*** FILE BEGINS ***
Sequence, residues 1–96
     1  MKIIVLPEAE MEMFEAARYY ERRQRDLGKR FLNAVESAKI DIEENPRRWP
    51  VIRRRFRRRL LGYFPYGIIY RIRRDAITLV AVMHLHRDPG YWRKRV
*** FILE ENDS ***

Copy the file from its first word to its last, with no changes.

Sequence, residues 1–96
     1  MKIIVLPEAE MEMFEAARYY ERRQRDLGKR FLNAVESAKI DIEENPRRWP
    51  VIRRRFRRRL LGYFPYGIIY RIRRDAITLV AVMHLHRDPG YWRKRV